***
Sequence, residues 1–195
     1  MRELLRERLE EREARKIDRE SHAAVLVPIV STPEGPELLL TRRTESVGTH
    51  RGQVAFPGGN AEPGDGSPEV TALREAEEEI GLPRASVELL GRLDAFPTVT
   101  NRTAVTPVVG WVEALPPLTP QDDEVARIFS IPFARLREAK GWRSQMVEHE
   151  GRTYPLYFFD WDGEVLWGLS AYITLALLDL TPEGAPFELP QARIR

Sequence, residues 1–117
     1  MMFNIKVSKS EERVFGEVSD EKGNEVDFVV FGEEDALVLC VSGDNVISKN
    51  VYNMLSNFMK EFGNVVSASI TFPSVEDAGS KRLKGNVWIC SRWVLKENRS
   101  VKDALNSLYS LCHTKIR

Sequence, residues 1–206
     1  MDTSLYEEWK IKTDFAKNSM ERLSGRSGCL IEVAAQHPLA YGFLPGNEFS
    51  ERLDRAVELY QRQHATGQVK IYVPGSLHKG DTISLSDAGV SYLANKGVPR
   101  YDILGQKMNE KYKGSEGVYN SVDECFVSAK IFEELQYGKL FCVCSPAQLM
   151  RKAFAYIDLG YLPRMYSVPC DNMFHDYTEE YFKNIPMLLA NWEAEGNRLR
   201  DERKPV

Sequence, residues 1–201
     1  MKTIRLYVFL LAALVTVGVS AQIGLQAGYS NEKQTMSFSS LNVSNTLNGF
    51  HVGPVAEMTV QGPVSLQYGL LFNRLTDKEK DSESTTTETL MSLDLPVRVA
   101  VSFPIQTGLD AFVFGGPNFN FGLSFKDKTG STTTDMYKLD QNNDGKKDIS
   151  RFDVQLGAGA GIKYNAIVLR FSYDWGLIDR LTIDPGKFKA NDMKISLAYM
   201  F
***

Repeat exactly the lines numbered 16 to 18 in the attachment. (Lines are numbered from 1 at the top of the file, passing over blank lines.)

Sequence, residues 1–201
     1  MKTIRLYVFL LAALVTVGVS AQIGLQAGYS NEKQTMSFSS LNVSNTLNGF
    51  HVGPVAEMTV QGPVSLQYGL LFNRLTDKEK DSESTTTETL MSLDLPVRVA